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Mr. Andrew Miller (Ellesmere Port and Neston) (Lab): I am pleased to follow my hon. Friend the Member for Wellingborough (Mr. Stinchcombe), who made a strong case in respect of the circumstances affecting one family in his area. I was also pleased that my right hon. Friend the Secretary of State said in his opening remarks that he accepted that driving a car in such a way as to cause a death was very similar to killing a person with any weapon. He is the first person in his position to say that.

Some years ago, I gave evidence to the Law Commission and argued that there should be an offence of causing death by driving. It is absurd that cases can be brought to court yet the question of the death caused is never exposed because of technicalities such as those that we have heard about. It is absurd that the structure of our law does not consider death to be at the centre of such cases. Although such a provision may not be appropriate for this Bill, I think that the House should look for an appropriate mechanism to adapt the law so that the principle that I have outlined can be addressed.

There are exact parallels between manslaughter and causing death by driving. Investigating officers, the Crown Prosecution Service and, most importantly, the courts should be able to determine where a person's death fits in the spectrum of culpability. Courts would then be in an appropriate position to mete out an appropriate sentence. That is the way forward.

The hon. Member for South Suffolk (Mr. Yeo) made an important point about drawing parallels between deaths on the road and deaths in other circumstances, and referred to examples of deaths caused in accidents involving aeroplanes and trains. Society—and in particular the media—seems to adopt a different psychological attitude to rail or air tragedies from that which it takes to individual deaths on the road. It is important that the House should be seen to take a lead in the matter, and to say that the total number of deaths on our roads is far too high. The fact that those deaths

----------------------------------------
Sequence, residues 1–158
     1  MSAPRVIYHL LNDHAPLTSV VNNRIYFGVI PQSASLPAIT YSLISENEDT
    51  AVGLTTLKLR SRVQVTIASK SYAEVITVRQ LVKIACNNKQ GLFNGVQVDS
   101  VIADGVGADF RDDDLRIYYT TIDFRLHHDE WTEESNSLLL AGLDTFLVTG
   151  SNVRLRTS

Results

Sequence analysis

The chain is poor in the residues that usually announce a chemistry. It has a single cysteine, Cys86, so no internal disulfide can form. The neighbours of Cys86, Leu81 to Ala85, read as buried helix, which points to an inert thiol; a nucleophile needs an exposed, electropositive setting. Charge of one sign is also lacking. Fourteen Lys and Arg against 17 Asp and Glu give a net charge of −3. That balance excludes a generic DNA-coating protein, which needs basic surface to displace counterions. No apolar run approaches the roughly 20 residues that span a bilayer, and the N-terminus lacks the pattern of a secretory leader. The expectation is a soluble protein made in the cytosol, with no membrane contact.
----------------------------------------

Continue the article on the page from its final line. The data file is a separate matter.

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are scattered around the country should not deter us from the sort of bold decisions that the public would expect us to take in response to a major incident—such as a plane falling from the sky—that causes hundreds of deaths. We need to address both sets of circumstances in the same way.

Various hon. Members have said that we need to raise public awareness about the scale of the carnage facing our society. The British record is good compared with that of some other countries, but my right hon. Friend the Secretary of State has said that we must do better. The same sentiment was expressed by the spokesmen for the Conservative and Liberal Democrat parties.

We need to find practical solutions, and the Bill contains some ways to make progress in that respect. Training is important. We should consider whether drivers should be more actively encouraged to raise their skill levels—for example, by taking advantage of the help offered by the Institute of Advanced Motorists. That does not apply only to middle-age people, as the hon. Member for Caithness, Sutherland and Easter Ross (John Thurso) implied. It also applies to young people, and it is encouraging that in my own area there is a sprinkling of very young drivers—the number is growing all the time—who want to take advantage of the high-quality extra tuition that the IAM provides. Perhaps we can take the opportunity, not necessarily by writing it into the Bill, but by engaging in dialogue with insurance companies, for example, to create massive benefits for drivers who undergo such extra training. People who do that are made aware of the risks that they face on the road.